A proposed integrated management approach to plastic products: discussion paper

Official title: Discussion paper: A proposed integrated management approach to plastic products to prevent waste and pollution


The Government of Canada is taking steps toward eliminating plastic pollution in Canada, including potentially banning or restricting certain harmful single-use plastic products, where warranted and supported by science. This discussion paper is seeking input on a proposed integrated management approach to plastics to take a number of actions, including regulations which would be developed under the provisions of the Canadian Environmental Protection Act, 1999 (CEPA).


Plastic plays an important part in the lives of Canadians and in the Canadian economy, including in helping Canadians protect themselves from the spread of COVID-19. Plastic is low-cost, durable, and useful in a wide range of applications, including packaging, clothing, medical and personal protective equipment (PPE) and construction materials. However, the way plastic waste is managed in Canada is an issue of growing concern. According to a recent study conducted by Deloitte,Footnote 1  over 3 million tonnes of plastics were discarded as waste in Canada in 2016, and only 9% was recycled. Plastic waste burdens our economy, representing a $7.8B lost opportunity. When leaked into the natural environment, plastic threatens the health of our wildlife, ecosystems, rivers, lakes and oceans. In 2016, 29 000 tonnes of plastic waste entered the Canadian environment as pollution.

Achieving zero plastic waste

Action is needed to eliminate plastic pollution at its source by reducing the amount of plastic waste that ends up in landfills or the environment. This can be achieved through greater prevention, collection, innovation and value recovery of plastic waste and transitioning to a more circular economy for plastics. The development and scaling up of new forms of plastic and new technologies provides opportunities to incentivize and support improved recovery of resources from products and packaging at the end of their useful life. Retaining materials and products in a circular economy not only reduces greenhouse gases emissions and pressure on the environment, but also has significant economic benefits. The transition to a more circular economy would save costs, increase competitiveness, stimulate innovation, support prosperity by creating new jobs and reduce the amount of plastic entering the environment.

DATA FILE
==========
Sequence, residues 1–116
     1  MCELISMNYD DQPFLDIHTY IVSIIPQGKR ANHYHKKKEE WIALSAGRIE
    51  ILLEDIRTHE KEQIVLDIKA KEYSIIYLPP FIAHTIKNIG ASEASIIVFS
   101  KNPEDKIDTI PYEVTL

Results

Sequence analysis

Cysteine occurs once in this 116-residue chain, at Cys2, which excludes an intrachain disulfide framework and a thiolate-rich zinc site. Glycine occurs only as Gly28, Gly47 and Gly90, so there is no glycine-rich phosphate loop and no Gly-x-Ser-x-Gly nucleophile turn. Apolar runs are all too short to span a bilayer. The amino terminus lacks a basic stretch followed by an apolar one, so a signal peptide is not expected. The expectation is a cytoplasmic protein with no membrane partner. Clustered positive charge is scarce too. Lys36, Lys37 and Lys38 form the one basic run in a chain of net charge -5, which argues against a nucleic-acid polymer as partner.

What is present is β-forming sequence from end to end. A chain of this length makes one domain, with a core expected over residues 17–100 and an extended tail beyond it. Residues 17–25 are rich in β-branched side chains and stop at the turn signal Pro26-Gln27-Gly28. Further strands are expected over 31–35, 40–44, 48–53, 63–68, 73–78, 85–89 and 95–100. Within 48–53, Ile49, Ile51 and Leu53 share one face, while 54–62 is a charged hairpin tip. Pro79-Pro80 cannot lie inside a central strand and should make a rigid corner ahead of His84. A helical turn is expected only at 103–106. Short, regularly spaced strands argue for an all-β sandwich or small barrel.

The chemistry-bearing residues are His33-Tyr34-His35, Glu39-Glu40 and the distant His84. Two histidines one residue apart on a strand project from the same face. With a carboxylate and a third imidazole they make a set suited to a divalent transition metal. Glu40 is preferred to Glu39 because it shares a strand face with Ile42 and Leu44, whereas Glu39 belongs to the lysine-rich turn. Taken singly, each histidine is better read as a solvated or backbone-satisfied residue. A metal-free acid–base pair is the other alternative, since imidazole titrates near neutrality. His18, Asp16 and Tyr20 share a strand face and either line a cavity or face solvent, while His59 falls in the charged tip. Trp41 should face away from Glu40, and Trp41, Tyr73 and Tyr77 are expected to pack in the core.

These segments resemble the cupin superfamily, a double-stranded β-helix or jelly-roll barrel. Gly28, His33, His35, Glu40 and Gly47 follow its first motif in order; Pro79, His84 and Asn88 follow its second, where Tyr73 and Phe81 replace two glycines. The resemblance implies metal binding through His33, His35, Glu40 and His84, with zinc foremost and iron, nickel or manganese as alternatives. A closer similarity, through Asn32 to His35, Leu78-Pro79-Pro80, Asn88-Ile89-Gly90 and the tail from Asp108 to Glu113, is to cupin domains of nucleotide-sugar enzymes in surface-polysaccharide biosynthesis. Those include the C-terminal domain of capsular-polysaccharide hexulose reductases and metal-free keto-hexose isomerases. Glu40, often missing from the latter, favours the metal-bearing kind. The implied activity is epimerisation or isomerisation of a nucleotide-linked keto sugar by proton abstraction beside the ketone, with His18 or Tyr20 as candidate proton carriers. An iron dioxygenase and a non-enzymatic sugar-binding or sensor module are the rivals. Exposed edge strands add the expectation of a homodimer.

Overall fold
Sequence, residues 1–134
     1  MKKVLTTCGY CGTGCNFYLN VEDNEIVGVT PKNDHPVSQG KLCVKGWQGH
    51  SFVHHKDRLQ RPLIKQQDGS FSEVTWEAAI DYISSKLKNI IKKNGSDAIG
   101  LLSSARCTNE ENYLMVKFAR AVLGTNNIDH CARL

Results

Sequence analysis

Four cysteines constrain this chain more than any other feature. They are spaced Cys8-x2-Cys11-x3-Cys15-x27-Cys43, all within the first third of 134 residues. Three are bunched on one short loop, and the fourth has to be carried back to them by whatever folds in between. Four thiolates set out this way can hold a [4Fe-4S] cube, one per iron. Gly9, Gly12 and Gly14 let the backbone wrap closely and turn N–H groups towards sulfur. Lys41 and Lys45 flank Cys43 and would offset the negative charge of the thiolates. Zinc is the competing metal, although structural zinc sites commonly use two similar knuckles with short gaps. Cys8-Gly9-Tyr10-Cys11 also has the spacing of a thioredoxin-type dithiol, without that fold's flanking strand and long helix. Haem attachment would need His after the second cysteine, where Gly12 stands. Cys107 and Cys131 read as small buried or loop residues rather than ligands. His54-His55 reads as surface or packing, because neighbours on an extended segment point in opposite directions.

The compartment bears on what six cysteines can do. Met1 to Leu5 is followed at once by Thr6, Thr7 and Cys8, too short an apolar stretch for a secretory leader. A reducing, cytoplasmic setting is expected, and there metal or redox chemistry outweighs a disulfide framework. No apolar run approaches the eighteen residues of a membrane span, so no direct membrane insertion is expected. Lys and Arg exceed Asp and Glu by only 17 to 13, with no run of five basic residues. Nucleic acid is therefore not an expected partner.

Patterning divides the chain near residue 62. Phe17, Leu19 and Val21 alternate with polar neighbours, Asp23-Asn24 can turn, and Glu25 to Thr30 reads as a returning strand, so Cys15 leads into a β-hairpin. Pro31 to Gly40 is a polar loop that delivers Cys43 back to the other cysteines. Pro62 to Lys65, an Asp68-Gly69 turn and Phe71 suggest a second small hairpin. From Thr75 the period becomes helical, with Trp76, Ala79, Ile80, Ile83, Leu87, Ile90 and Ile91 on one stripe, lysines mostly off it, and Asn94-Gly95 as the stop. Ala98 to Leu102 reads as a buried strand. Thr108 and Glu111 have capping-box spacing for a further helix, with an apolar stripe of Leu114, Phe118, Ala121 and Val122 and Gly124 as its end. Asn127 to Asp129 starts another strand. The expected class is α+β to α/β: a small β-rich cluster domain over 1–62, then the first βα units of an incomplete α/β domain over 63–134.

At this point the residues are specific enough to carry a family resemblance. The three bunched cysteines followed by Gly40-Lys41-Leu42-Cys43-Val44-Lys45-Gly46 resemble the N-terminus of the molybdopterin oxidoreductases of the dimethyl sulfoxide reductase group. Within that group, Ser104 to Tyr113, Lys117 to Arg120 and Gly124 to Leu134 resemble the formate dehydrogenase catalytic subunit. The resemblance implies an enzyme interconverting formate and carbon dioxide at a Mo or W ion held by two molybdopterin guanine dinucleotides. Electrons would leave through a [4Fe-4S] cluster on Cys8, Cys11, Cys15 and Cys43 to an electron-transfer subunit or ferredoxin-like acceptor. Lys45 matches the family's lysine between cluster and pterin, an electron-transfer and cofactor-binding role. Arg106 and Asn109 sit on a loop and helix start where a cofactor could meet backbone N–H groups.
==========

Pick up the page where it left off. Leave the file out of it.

Under Canada’s G7 presidency in 2018, the Government of Canada championed the development of the Ocean Plastics Charter, which commits to a more resource-efficient and lifecycle approach to plastics stewardship, on land and at sea. The charter establishes targets to improve management of plastics, including:

In November 2018, through the Canadian Council of Ministers of the Environment (CCME), the federal, provincial and territorial governments approved in principle a Canada-wide strategy on zero plastic waste.Footnote 2  Building on the Ocean Plastics Charter, the strategy takes a circular economy approach to plastics and provides a framework for action in Canada. Federal, provincial and territorial governments are collaborating on implementing the strategy via an action planFootnote 2  by developing, among other things:

Science assessment of plastic pollution

In October 2020, the Government of Canada released a science assessment of plastic pollution.Footnote 3  The science assessment presents a thorough scientific review of the occurrence and potential impacts of plastic pollution on human health and the environment. Information included in this assessment indicates that:

The science assessment recommends pursuing actions to reduce macroplastics and microplastics that end up in the environment, in accordance with the precautionary principle, which states that "where there are threats of serious or irreversible damage, lack of full scientific certainty shall not be used as a reason for postponing cost-effective measures to prevent environmental degradation".Footnote 4

Managing plastics using CEPA

In order to take action as recommended in the science assessment, the Government of Canada has proposed using enabling authorities under CEPA to regulate certain plastic manufactured itemsFootnote 5 . This will allow the government to enact regulations that target sources of plastic pollution and change behaviour at key stages in the lifecycle of plastic products, such as design, manufacture, use, disposal and recovery in order to reduce pollution and create the conditions for achieving a circular plastics economy.